LOS ANGELES — In a normal year — if such a thing still exists in Hollywood — the 75th Emmy Awards would take place Monday night, and the many nominees from shows like “Succession” and “Ted Lasso” would be either claiming their trophies or being happy . applauding the winners.
Instead, actors’ and writers’ strikes led to a postponement until January.
Here’s a look at what’s happening, and what could happen, with the rewards that have been diverted.
How have Hollywood strikes affected Emmy nominations?
A shadow has hung over this year’s Emmys from the start. The writers, who are essential to the process both as nominees and as the people who provide jokes and jokes for the series, had been on strike for more than two months when the nominees were announced on June 11. Then, just three days after “Succession,” “White Lotus,” “The Last of Us” and “Ted Lasso” were named among the top nominees, actors’ union leaders announced they would join the writers in a historic work stoppage in Hollywood.
With union rules not allowing any interviews, panels or participation in an awards ceremony, acting candidates had only a few days to do the kind of media promotion that is usually commonplace after a nomination. The writers couldn’t do it at all.
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New January date puts Emmys into prime season
The Television Academy and Fox TV, which were scheduled to air the show this year, initially kept the show’s original date of September 18, hoping that the strikes would end quickly.
But with no realistic prospects for a resolution, Fox and the academy decided in mid-August to change the show date to January 15, 2024, Martin Luther King Day, at the Peacock Theater in downtown Los Angeles. No host has been announced.
The January date makes sense in many ways. Because they are still tied to the traditional fall-to-spring television season, the Emmys have been among the few awards shows held in September. This model of television, as the strikers know very well, has been disrupted by cable and streaming structures that do not respect these conventions. This traditional Emmy scheduling was starting to create some strange situations. Voters voted for the first season of “The Bear” — which earned 13 nominations — after the second season aired. And now the results won’t be known until almost a year after the premiere of the second season.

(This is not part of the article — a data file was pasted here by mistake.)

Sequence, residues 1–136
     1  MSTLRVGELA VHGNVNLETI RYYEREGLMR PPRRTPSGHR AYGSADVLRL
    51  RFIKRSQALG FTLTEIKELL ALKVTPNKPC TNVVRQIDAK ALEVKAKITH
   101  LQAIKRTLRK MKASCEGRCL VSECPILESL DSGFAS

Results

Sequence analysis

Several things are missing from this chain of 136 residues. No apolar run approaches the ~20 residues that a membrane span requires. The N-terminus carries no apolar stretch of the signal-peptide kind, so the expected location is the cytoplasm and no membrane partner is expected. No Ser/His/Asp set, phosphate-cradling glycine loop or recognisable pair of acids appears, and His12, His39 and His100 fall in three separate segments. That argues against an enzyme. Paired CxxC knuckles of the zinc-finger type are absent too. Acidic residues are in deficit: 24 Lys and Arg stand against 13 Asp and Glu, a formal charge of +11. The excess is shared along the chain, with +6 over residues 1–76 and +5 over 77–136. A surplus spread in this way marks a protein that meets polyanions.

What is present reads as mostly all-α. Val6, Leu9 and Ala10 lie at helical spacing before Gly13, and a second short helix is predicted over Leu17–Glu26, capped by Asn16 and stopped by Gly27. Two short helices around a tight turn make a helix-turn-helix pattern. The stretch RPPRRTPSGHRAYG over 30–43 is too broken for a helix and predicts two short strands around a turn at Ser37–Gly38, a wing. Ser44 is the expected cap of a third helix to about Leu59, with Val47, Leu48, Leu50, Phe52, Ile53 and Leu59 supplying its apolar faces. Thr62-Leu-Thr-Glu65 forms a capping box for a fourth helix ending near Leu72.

The January date will place the Emmys into the rest of Hollywood’s awards season, when red carpets reign supreme and performers are on the lookout for promotion. The show is scheduled about a week after the Golden Globes and about six weeks before the Screen Actors Guild Awards — two ceremonies that honor television as well as movies.
This date also corresponds to the early years of the Emmys, in the late 1940s and early 1950s, when they were held in January or February.
More:List of Emmy nominations: Television Academy awards ‘The White Lotus,’ ‘Succession,’ more
This is the first time the Emmys have been postponed since 2001, when the September 11 attacks took place just five days before the scheduled ceremony. Then the outbreak of the war in Afghanistan, which occurred hours before the postponed October show, prompted another postponement until November, when a small, sober show hosted by Ellen DeGeneres finally aired.
The 2020 ceremony, dominated by “Schitt’s Creek” and dubbed the “Pandemmies” by host Jimmy Kimmel, was seriously scaled back due to the coronavirus, with nominees accepting trophies and giving speeches from remote locations, but the date has never been moved.
Emmy votes are all won
With the Emmys being anything but normal, the Television Academy at least wanted the voting process to go as planned and the results to be as close as possible to what they would have been without the upset.
The Emmys are awarded by the votes of the nearly 20,000 members of the Television Academy. Members are divided into 31 peer groups including animators, performers, directors and writers. Members of each group vote for the Emmy winners in these categories, and all eligible voters can vote for awards given to entire shows, including Best Drama Series and Best Drama Series.
This year’s ballots were cast as scheduled on August 17 and were due back by August 28. This means the winners are already decided, but it will be at least four months before the envelopes are opened and revealed.
More:Hollywood writers want to resume strike talks with film and TV studios after negotiations fail
What happens next?
The new date seemed far away when it was scheduled, but Emmy organizers may have to face the prospect that strikes could still continue into January. The writers have currently been off work for 4 and a half months, the actors for two months. Shutdowns extending into next year would make them historically long and far exceed initial forecasts.
Negotiations between the writers and the studios took time to restart. There have been no discussions, and none are planned, between the studios and the actors.
Prolonged strikes could mean another postponement of the Emmys, or a show transformed into a glorified press conference, as has happened with some awards during the pandemic.
It would also cast doubt on the Oscars and the entire awards season.
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